If pressed, Mr. Vader will admit that he purchased his LX450 primarily for its off-beat panache. But he also insists that he bought it to lug his collection of antique light sabres.

Before we go any further, perhaps we should evaluate the LX450 in terms of its qualities as a utility.

A look at one of the photos will reveal that, commanding physical presence notwithstanding, the LX is close-coupled; there is no long rear overhang. Such a shape leaves less chance that the underchassis mounted spare tire will ground out on rough terrain, but it does restrict interior room.

The rear load zone is fairly short, but adequate. To help, the second-row seat backs can be folded flat or, with a wrench or two, the entire assembly will come out. However, the load limiting factor remains the 90 cm (35-inch) distance from the hatch to the back of the front seats.

The cargo area is also diminished by the presence of forward-facing jump seats. Great for kids; don't put me back there. The seats will fold up against the wide windows, but still take up a lot of room. Fortunately, these chairs are readily removable without tools.

The step-in height is 58 cm (22.8 inches) and the seatbase ride height is approximately 84 cm (33 inches) above the road surface. That's relatively high; perhaps the rise-above-it-all feeling it engenders are part of owning a machine of this ilk. But that's also high enough to split the seam in your Jedi tights.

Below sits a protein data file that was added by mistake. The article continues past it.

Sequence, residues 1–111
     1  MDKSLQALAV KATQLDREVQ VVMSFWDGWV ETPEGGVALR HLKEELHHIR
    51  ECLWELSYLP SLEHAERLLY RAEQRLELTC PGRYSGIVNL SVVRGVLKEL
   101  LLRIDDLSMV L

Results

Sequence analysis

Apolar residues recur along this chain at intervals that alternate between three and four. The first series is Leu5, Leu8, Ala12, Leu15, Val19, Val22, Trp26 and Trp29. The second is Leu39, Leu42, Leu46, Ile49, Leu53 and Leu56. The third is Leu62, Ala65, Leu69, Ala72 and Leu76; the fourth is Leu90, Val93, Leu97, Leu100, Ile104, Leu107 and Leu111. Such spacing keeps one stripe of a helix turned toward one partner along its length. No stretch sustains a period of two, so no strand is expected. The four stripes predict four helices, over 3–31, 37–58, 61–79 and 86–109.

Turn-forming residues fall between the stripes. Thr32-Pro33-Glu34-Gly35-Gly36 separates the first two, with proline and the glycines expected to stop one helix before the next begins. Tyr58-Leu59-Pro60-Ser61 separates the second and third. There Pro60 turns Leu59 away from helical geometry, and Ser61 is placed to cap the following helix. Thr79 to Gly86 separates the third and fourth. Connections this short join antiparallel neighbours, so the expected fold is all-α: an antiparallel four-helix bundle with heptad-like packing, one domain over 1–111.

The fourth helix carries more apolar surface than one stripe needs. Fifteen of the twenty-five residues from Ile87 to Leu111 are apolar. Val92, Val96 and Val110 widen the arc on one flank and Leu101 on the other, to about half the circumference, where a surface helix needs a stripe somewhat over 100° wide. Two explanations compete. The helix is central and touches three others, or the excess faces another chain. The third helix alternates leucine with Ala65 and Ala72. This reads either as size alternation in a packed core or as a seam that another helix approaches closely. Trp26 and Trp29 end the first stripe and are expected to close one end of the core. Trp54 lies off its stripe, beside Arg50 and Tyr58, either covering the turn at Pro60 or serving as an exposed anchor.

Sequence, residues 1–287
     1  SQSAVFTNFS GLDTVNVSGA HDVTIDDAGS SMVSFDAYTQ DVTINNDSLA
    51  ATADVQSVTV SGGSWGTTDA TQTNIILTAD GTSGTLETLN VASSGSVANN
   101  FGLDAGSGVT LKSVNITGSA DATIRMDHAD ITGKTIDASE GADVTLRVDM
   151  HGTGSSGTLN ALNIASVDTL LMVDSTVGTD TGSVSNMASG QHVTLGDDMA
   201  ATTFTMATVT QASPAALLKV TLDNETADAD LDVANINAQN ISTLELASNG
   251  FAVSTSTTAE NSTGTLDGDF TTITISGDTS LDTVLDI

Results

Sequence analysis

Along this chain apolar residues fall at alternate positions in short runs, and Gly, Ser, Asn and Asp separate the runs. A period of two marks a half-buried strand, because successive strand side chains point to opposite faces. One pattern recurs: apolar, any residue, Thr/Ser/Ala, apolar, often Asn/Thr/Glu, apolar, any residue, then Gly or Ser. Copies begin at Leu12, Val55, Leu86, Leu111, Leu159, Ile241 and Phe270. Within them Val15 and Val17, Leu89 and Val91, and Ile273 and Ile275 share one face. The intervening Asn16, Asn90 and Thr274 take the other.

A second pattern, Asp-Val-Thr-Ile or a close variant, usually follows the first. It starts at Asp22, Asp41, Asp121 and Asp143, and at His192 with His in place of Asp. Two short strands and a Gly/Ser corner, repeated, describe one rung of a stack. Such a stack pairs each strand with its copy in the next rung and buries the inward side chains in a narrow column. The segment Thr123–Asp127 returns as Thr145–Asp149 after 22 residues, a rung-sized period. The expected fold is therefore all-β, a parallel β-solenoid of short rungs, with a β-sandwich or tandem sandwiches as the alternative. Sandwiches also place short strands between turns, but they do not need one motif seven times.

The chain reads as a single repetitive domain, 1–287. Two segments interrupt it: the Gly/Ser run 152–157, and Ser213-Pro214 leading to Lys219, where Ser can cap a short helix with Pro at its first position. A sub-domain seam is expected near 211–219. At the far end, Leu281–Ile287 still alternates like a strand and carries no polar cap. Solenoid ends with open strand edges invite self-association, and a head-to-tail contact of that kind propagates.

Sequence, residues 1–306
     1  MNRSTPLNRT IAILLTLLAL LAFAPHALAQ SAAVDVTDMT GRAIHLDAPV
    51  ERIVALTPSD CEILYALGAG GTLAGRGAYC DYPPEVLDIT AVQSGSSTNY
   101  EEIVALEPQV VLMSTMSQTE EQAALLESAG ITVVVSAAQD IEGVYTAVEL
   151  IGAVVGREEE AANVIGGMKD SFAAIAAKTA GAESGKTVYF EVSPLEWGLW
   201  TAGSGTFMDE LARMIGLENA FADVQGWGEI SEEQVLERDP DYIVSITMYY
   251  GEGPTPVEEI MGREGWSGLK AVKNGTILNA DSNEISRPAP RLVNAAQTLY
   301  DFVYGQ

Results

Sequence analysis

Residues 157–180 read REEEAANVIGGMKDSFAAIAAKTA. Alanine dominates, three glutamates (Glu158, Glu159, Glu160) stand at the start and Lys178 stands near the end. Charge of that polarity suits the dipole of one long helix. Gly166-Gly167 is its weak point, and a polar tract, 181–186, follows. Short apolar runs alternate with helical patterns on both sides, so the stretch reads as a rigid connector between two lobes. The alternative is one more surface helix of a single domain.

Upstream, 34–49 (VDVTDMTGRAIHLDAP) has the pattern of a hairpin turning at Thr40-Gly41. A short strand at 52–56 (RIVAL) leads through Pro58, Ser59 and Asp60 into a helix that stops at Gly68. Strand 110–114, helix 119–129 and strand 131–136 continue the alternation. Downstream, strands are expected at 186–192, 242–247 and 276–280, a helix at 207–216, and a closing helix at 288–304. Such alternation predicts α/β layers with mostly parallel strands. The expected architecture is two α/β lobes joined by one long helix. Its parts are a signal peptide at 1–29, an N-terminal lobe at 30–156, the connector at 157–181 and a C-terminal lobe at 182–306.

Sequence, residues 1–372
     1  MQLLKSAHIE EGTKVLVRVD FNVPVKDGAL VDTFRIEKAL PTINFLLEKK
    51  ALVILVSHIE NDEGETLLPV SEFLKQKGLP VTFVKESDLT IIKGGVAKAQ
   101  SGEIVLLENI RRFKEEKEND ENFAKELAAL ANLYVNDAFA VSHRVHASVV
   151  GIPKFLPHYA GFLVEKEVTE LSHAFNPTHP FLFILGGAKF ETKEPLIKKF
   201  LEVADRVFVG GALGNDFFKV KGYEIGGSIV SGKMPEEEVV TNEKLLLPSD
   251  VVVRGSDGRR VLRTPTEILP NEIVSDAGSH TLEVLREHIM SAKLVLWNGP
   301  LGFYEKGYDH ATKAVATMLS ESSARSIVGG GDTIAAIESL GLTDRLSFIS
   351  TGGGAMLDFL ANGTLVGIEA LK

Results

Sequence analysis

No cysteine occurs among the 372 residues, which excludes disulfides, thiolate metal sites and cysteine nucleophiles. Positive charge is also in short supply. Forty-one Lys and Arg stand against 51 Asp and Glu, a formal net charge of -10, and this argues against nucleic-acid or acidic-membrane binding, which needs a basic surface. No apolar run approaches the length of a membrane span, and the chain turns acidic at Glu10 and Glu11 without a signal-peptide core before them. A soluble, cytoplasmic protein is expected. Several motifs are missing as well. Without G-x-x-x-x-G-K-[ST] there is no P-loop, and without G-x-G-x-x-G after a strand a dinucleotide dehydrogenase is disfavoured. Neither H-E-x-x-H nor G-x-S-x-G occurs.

Once we've clambered in, then, the experience had better be solid luxury. Nope, the interior carries over from the Land Cruiser with meager Lexus-like addons. The good Toyota stuff is all there well laid out dash with dual air bags, fine seats, painstaking assembly. But so are the questionable practices like the exposed metal seat mounts and mechanicals.

What really kills it, however, is what they're added: a clumsy console box that tries to include a CD changer, cup holders, a woofer and storage but does none of it well; plus cheezy slip-cover-style leather upholstery on a smattering of wood-grain trim doneup in shiny plastic.

The LX450 may be the finest Land Cruiser ever conceived. But, Toyota should have spent another $2,000 on it and charged another three. As it is, the LX450 is not a Lexus.

Sorry, Darth.